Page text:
Advertisement

Sociology as “Just an Academic Pursuit”

  • Colin Campbell
Chapter

Abstract

Sociology has long been regarded as in crisis, with sociologists repeatedly agonizing over its status, nature and role. One of the main disputes has been over whether being a sociologist means that one is should aim to change social life rather than merely explain it. However, the role of academic is specifically to interpret the world, not to change it. Unfortunately, all too often sociologists have ignored their duty in this regard and engaged in either ideological advocacy or moralizing, thereby preventing the discipline from making progress. Although this has been a feature of UK sociology for 50 years, a disturbing recent trend has been for some sociologists to claim that re-dressing grievances justify rejecting the very idea of impartial scientific inquiry.

Keywords

Discipline in crisis Academic trumps sociologist Adding to knowledge as higher purpose Ideological advocacy Grievance studies 

Bibliography

  1. Abrams, P. (1981). The Collapse of British Sociology? In P. Abrams, R. Deem, J. Finch, & P. Rock (Eds.), Practice and Progress: British Sociology 1950–1980 (pp. 53–69). London: Allen & Unwin.Google Scholar
  2. Australian and New Zealand Journal of Sociology. (1983, July). Special Issue devoted to, Dialogue: Crisis in Sociology. 19(2).Google Scholar
  3. Back, L. (2016). Academic Diary: Or Why Higher Education Still Matters. London: Goldsmiths Press.Google Scholar
  4. Beer, D. (2014). Punk Sociology. Cham, Switzerland: Palgrave Macmillan.CrossRefGoogle Scholar
  5. Berger, P. (1963). Invitation to Sociology: A Humanistic Perspective. Garden City, NY: Doubleday & Co.Google Scholar
  6. Berger, P. (2002, October). Whatever Happened to Sociology? First Things. https://www.firstthings.com/article/2002/10/whatever-happened-to-sociology. Accessed 12 December 2018.
  7. Black, D. (2000). The Purification of Sociology. Contemporary Sociology, 29(5), 704–709.CrossRefGoogle Scholar
  8. Boudon, R. (1971). The Crisis in Sociology: Problems of Sociological Epistemology. Cham, Switzerland: Palgrave Macmillan.CrossRefGoogle Scholar
  9. Burrows, R., & Gane, N. (2006). Geodemographics, Software and Class. Sociology, 40(5), 793–812.CrossRefGoogle Scholar
  10. Burrows, R., & Savage, M. (2014, April 1). After the Crisis? Big Data and the Methodological Challenges of Empirical Sociology. Big Data and Society, 1(1).Google Scholar
  11. Delbanco, A. (1999, November 4). The Decline and Fall of Literature. New York Review of Books.Google Scholar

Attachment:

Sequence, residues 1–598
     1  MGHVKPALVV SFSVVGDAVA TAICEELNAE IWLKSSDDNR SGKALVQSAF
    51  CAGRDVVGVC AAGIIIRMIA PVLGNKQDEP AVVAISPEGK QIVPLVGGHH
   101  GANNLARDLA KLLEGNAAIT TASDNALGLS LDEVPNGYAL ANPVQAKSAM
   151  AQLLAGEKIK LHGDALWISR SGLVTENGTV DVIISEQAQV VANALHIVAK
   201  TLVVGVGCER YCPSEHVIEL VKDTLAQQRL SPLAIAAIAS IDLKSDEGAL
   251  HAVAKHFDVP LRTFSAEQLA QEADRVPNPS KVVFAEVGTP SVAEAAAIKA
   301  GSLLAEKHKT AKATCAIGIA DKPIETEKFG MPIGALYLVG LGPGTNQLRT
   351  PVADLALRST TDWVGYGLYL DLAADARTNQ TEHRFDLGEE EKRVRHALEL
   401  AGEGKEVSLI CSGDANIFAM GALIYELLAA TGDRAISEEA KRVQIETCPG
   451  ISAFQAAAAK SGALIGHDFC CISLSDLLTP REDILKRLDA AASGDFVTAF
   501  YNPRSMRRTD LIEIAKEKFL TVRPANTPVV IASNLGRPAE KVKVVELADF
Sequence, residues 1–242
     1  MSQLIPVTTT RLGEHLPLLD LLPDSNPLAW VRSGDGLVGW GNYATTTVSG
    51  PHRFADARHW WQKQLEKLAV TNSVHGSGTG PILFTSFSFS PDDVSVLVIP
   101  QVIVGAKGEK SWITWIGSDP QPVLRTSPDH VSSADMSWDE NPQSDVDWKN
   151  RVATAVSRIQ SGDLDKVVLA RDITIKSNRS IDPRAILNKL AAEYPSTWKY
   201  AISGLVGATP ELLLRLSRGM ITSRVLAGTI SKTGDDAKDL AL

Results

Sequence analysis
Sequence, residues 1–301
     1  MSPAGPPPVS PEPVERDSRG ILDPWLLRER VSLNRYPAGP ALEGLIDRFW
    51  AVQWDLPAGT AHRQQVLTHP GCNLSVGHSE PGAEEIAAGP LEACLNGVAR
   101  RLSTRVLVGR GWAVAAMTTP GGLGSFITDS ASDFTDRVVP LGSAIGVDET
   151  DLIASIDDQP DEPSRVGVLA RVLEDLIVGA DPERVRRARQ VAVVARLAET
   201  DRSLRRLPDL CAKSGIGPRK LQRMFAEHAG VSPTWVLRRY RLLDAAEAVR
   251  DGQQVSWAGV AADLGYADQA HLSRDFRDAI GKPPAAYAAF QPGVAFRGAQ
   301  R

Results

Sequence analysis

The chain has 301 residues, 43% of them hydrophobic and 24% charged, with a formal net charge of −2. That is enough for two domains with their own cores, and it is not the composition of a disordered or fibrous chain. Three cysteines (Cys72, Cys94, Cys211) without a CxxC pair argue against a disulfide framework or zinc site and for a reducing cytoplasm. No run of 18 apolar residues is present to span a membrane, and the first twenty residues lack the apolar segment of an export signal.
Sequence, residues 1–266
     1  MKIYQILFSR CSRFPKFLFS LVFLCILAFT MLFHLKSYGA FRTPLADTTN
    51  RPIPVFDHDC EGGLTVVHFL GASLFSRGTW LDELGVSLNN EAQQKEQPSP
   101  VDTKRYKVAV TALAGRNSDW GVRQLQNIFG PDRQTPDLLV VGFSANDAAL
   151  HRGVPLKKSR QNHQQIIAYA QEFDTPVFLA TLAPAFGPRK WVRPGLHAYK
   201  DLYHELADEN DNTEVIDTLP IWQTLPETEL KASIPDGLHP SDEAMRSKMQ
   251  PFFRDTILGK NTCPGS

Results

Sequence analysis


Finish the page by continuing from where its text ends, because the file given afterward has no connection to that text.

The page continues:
12. Ellis, J. M. (1999). Literature Lost: Social Agendas and the Corruption of the Humanities. New Haven, CT: Yale University Press.Google Scholar
  13. Fish, S. (2004, May 21). Why We Built the Ivory Tower. New York Times.Google Scholar
  14. Gouldner, A. W. (1970). Coming Crisis of Western Sociology. New York: Basic Books.Google Scholar
  15. Halsey, A. H. (2004). A History of Sociology in Britain: Science, Literature, and Society. Oxford: Oxford University Press.CrossRefGoogle Scholar
  16. Horowitz, I. L. (1995). The Decomposition of Sociology. Oxford: Oxford University Press.Google Scholar
  17. Lindsay, J. A., Boghossian, P., & Pluckrose, H. (2018, October 2). Academic Grievance Studies and the Corruption of Scholarship. Areo Magazine. https://areomagazine.com/2018/10/02/academic-grievance-studies-and-the-corruption-of-scholarship/. Accessed 20 December 2018.
  18. Lopreato, J., & Crippin, T. (2002). Crisis in Sociology: The Need for Darwin. New Brunswick, NJ: Transaction Publishers.Google Scholar
  19. Nisbet, R. (1971). The Degradation of the Academic Dogma: The University in America 1945–1970. London: Heinemann.Google Scholar
  20. Oakley, A. (2004). Epilogue in Eight Essays. In A. H. Halsey (Ed.), A History of Sociology in Britain: Science, Literature, and Society (pp. 214–217). Oxford: Oxford University Press.Google Scholar
  21. Osborne, T., Rose, N., & Savage, M. (2008). Editors’ Introduction: Reinscribing British Sociology: Some Critical Reflections. Sociological Review, 56(4), 519–534.CrossRefGoogle Scholar
  22. Platt, J. (2008). British Sociology Textbooks from 1949. Current Sociology, 56, 165–182.CrossRefGoogle Scholar
  23. Savage, M., & Burrows, R. (2007). The Coming Crisis of Empirical Sociology. Sociology, 41(5), 885–899.CrossRefGoogle Scholar
  24. Savage, M., & Burrows, R. (2009). Some Further Reflections on the Coming Crisis of Empirical Sociology. Sociology, 43(4), 762–772.CrossRefGoogle Scholar
  25. Shaw, M. (1974). Marxism Versus Sociology: A Guide to Reading. London: Pluto Press.Google Scholar
  26. Skirbekk, S. (2008). ‘Crisis of Sociology’—And the Consequences for an Adequate Understanding of Contemporary Cultural Conflicts. Journal of Sociology (Sosiologisk Tidsskrift) (3), 281–291.Google Scholar
  27. Sociological Forum. (1994). Issue Devoted to the Topic, What’s Wrong with Sociology? 9(2).Google Scholar
  28. Szelenyi, I. (2015). The Triple Crisis of Sociology. Guest Post, Contexts (2017, Summer). https://contexts.org/blog/the-triple-crisis-of-sociology/. Accessed 12 October 2018.
  29. Thiele, S. (2005, October). The Problem with Sociology. Quadrant, 49(10), 11–19.Google Scholar
  30. Travers, M. (1997). The Decomposition of Sociology. Sociological Research Online. http://www.socresonline.org.uk/2/4/travers.html. Accessed 10 December 2018.
  31. van der Vossen, B. (2015). In Defence of the Ivory Tower: Why Philosophers Should Stay Out of Politics. Philosophical Psychology, 28(7), 1045–1063.CrossRefGoogle Scholar
  32. Weber, M. (2004 [1919]). The Vocation Lectures: ‘Science as a Vocation’; ‘Politics as a Vocation’. Indianapolis: Hackett Publishing.Google Scholar

Copyright information

© The Author(s) 2019

Authors and Affiliations

  • Colin Campbell
    • 1
  1. 1.University of YorkYorkUK

Personalised recommendations